The Arbitration Law introduces the concept of commencing a fresh action to challenge the arbitration awards. Previously, the UAE courts have found that a party wishing to set aside the award issued in the UAE could only do so if the successful party was seeking ratification and enforcement in the local courts. The defendant could not initiate an independent challenge in the local courts.

Now any party can challenge the award before local courts by starting a fresh action for setting aside the award or in response to the claimant’s application to ratify the award. Article 53(1) sets out the grounds for setting aside the award, some of which are similar to the grounds for setting aside under the UNCITRAL Model Law on International Commercial Arbitration but do not entirely mirror it. For example, the ground under Article 53(1)(e) is that the award “did not apply the law which the arbitration parties have agreed to apply to the subject matter of the dispute.” This may be interpreted as a permission for the UAE courts to set aside the award due to an error of law. Appeals of arbitral awards on the point of law are permitted in certain jurisdictions.

For example, they are allowed in England on limited grounds, but in practice such appeals are rarely made and are even rarer to succeed.1 In absence of similar established practice in the UAE courts, this ground of appeal can create obstacles for enforcement. It remains to be seen how the UAE courts will interpret this provision.

Procedurally, the action for setting aside the award must be filed with the Court of Appeal that has jurisdiction over the matter or as agreed by the parties, and it must be brought within 30 days from the date of serving the award on the party seeking the challenge (Article 54(2)). Any waiver of the right to apply for setting aside of the award will not be effective. In addition, the new action for setting aside has a number of helpful features:

  • The decision of the court to set aside an award is final and can only be appealed in cassation courts;
  • The award can be set aside in whole or in part;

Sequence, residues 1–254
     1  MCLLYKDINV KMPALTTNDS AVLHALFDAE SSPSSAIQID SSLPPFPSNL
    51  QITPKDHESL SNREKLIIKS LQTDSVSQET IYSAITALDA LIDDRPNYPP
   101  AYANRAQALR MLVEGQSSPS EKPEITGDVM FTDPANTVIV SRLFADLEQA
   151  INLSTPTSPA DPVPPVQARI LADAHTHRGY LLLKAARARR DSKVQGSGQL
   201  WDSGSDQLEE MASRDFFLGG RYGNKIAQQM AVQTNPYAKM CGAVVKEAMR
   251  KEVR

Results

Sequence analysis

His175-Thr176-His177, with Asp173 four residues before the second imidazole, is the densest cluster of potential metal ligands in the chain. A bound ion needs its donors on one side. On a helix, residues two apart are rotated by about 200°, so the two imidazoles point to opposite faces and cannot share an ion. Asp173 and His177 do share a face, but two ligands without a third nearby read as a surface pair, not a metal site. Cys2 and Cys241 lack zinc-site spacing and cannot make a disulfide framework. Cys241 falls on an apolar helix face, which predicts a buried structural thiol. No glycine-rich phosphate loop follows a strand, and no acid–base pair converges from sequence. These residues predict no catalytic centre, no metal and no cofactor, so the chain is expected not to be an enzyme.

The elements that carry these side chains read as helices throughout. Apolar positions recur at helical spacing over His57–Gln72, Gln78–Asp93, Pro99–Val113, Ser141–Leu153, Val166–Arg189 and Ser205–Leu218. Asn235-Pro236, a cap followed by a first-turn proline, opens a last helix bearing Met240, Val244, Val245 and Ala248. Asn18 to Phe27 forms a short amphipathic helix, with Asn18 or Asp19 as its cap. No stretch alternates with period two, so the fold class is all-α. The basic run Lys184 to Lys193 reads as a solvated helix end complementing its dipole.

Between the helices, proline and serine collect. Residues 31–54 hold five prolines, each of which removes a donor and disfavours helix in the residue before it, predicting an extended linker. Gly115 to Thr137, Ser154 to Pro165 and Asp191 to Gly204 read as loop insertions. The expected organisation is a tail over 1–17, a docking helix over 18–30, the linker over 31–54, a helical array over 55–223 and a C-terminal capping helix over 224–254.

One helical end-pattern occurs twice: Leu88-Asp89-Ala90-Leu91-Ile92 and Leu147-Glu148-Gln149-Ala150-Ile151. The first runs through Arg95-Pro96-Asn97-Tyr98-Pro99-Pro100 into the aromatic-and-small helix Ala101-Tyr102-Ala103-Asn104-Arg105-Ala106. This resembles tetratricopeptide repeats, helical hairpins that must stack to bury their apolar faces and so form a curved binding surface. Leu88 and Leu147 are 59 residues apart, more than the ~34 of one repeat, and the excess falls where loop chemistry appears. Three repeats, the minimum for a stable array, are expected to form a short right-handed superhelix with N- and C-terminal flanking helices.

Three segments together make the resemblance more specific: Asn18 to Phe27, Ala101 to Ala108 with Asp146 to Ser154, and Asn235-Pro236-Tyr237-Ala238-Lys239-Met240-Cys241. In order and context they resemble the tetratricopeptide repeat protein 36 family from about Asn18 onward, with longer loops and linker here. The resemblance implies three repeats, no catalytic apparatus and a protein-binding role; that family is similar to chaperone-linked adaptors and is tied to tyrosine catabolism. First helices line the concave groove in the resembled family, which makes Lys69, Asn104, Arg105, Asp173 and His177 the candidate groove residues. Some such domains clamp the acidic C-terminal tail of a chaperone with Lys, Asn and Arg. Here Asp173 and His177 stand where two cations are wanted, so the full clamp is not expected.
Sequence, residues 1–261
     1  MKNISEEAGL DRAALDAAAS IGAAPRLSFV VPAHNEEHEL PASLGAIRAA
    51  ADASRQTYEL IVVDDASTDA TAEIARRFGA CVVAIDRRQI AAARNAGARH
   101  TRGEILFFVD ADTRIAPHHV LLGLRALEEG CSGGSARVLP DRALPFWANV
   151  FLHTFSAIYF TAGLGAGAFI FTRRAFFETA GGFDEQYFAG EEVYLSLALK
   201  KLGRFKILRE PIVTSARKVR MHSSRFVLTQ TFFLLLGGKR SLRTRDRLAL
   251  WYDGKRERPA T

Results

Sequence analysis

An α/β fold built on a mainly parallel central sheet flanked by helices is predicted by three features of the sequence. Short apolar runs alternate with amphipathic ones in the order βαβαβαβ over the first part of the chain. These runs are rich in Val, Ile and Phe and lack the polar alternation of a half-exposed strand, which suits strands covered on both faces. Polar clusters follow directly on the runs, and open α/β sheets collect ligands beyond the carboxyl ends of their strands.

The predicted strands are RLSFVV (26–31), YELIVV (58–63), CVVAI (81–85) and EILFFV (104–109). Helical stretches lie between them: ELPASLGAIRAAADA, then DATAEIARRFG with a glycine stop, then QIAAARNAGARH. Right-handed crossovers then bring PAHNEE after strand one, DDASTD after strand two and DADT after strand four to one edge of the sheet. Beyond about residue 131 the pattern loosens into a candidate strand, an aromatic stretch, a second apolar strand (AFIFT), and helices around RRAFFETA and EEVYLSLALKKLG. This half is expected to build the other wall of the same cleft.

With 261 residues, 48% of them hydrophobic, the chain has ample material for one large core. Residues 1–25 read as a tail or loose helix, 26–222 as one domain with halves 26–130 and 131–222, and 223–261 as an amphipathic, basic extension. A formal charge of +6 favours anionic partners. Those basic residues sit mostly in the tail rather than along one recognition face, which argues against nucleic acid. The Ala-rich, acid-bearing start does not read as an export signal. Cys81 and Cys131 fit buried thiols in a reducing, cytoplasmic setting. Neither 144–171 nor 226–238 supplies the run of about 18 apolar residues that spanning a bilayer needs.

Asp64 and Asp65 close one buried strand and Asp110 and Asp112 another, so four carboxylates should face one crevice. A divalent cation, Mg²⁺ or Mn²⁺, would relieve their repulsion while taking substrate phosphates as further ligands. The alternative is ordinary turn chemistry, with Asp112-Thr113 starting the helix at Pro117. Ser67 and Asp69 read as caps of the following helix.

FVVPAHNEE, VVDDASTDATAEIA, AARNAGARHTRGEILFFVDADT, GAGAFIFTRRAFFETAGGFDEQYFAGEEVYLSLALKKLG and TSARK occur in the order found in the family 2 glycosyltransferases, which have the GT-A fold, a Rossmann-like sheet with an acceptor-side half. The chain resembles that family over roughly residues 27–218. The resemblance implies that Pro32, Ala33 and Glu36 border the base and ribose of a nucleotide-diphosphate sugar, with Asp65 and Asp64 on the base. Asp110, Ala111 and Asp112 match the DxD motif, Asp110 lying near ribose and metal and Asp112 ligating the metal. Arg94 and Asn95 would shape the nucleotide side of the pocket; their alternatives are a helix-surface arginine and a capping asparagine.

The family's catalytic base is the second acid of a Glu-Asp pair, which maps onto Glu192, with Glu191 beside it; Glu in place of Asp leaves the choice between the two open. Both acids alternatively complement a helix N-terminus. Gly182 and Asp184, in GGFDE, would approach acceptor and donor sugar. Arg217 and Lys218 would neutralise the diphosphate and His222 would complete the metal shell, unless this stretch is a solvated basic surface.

• The arbitration agreement remains in force after the award is set aside (unless the ground for setting aside is a defect in the arbitration agreement);
  • The court can grant a period of up to 60 days to the arbitral tribunal to rectify the form of the award (but not the substance) if this will eliminate the grounds for setting aside;
  • The action to set aside does not stay enforcement, although such a stay can be ordered by court upon a good cause. A stay can be accompanied by an order to provide security.

Ratifying and enforcing awards

The new Arbitration Law simplifies the process for ratification and enforcement of the awards that are governed by the Arbitration Law. Instead of filing a substantive claim as used to be the case, the claimant now must file the following documents with the chief justice of the Court of Appeal in the relevant Emirate: (i) the original award (or certified copy of it) accompanied by certified Arabic translation where award is not in Arabic; (ii) a copy of the arbitration agreement and (iii) a copy of the minutes of lodging the award in court.

According to Article 55, the court must issue an order for ratification and enforcement of the award within 60 days from submission of the application for enforcement unless the court finds a reason to set aside the award upon any of the grounds under Article 53(1).